It will not be an easy battle. The Bears also have many great players and have just as good a chance of winning. The media is calling it epic, legendary, and whatever else they can think of. I personally think that it will be generally a great game to watch.
The temperature is dipping below 50 degrees. The sun goes down before 5:00. Let’s face it: it’s time to move the ride indoors. For those of us that want to keep up our cycling fitness, we find it necessary to resort to our basements and spend the non-snowing days riding our bikes (once the snow comes, I’m taking to the snowshoes and the skis).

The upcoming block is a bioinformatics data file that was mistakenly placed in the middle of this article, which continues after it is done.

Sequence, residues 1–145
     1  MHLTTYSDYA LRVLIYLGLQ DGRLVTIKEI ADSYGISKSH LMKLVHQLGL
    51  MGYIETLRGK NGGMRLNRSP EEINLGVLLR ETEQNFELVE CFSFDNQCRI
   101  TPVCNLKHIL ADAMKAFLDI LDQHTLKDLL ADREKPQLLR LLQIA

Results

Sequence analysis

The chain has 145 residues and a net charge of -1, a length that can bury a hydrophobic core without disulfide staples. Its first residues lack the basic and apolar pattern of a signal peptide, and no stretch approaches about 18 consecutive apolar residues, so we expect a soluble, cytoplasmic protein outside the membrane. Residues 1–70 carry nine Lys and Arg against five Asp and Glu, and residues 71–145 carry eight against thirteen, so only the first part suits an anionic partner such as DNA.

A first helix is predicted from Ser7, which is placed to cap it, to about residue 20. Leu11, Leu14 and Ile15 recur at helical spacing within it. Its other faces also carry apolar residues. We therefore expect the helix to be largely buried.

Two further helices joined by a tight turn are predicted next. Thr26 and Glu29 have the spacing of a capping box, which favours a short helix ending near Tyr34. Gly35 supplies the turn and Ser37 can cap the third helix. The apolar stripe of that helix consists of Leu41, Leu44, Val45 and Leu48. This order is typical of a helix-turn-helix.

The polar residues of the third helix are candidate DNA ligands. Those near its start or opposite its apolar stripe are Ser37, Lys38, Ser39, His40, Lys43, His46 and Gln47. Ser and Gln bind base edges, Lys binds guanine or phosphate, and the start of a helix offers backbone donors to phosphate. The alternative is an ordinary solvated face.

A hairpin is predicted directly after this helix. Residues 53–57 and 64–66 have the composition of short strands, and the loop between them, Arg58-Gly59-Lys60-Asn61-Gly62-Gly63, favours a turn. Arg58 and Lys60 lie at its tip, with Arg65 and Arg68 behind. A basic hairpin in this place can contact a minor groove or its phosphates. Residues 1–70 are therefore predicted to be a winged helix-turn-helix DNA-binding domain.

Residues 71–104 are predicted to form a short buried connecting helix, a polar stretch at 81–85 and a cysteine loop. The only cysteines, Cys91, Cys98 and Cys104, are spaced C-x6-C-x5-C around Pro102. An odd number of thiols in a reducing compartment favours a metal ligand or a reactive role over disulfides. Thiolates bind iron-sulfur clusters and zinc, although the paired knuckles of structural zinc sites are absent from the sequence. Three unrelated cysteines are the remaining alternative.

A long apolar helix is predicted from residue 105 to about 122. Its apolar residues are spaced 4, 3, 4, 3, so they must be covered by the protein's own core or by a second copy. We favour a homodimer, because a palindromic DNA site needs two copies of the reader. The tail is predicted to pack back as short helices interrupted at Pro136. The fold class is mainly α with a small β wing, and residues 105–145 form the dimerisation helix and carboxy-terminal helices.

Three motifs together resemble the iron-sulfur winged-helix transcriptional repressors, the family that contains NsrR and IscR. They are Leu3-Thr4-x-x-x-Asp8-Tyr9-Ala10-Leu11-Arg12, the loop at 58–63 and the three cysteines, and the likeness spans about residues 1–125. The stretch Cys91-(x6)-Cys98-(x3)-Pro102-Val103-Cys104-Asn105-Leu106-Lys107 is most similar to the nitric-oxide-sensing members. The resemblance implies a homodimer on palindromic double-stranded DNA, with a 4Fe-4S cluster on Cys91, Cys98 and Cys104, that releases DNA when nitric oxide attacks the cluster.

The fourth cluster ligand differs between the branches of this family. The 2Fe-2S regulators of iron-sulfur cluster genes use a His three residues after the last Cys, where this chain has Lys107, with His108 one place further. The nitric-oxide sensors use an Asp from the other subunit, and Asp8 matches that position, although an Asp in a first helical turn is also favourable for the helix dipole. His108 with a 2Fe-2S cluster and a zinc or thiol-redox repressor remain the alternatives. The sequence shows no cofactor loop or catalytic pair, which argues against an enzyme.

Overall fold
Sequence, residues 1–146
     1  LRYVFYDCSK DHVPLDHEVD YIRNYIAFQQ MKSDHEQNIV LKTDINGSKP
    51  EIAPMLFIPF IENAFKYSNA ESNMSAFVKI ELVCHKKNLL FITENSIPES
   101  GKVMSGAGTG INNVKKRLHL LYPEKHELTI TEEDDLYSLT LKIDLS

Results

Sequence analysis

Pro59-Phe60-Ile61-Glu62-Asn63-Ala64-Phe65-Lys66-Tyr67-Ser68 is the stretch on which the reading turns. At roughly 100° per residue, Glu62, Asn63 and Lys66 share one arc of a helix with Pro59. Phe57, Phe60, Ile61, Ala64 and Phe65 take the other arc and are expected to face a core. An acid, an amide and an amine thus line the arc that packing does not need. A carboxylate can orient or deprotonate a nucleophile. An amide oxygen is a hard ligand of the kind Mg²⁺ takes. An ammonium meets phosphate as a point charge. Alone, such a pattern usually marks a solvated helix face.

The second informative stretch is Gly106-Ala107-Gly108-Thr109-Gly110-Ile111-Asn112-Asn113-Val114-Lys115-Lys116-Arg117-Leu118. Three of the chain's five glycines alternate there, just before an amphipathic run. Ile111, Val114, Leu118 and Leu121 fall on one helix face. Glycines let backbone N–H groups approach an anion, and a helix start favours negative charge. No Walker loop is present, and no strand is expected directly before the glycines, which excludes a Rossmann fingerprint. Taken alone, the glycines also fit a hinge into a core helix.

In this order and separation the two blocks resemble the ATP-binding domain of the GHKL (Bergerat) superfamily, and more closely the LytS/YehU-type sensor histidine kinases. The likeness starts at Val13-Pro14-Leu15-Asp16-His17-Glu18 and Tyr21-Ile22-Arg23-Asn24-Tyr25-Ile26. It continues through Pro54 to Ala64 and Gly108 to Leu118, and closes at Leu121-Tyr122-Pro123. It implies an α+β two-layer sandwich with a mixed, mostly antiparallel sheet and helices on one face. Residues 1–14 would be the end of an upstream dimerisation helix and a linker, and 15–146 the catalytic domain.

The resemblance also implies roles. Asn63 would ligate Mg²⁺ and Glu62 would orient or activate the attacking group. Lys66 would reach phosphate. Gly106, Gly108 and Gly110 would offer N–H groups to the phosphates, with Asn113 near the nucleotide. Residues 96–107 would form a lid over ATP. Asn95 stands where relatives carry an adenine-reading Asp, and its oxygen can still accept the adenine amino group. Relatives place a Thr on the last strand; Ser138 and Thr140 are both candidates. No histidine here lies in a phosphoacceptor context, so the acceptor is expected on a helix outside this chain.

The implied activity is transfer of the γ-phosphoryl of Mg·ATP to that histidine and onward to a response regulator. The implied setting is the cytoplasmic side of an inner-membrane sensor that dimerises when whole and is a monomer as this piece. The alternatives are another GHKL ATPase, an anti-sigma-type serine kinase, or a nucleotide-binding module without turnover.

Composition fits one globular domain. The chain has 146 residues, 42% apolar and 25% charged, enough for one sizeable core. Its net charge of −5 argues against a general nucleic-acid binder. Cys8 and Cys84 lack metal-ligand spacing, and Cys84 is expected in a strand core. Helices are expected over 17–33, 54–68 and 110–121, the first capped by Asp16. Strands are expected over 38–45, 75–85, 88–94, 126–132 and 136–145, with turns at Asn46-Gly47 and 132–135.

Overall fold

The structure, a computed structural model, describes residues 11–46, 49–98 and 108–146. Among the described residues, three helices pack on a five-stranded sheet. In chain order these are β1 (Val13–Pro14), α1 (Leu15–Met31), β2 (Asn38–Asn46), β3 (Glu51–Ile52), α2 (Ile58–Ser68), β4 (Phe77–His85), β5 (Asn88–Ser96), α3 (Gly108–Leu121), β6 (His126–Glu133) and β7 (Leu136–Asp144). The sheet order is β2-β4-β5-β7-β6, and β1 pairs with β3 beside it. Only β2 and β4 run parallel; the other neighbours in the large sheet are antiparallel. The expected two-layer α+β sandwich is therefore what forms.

I ride a bicycle trainer in the winter to keep my cycling fitness up. This ingenious device keeps me pedaling my bike in the winter without worrying about slipping and sliding on icy roads (or watching other vehicles potentially slip and slide into me on those same roads). Just to be clear, though, I am not condemning riding in snow, it’s just not my thing (yet). Let’s face it, though, riding on the trainer can seem more like a chore.
Rod Nilsestuen was more than just the Wisconsin Department of Agriculture, Trade and Consumer Protection (DATCP) Secretary; he was a leader that I looked up to. I had the honor of working at DATCP for five years, all while he was the Secretary. Although I left to work for another state agency over a year ago, I still hold a special place in my heart for Rod.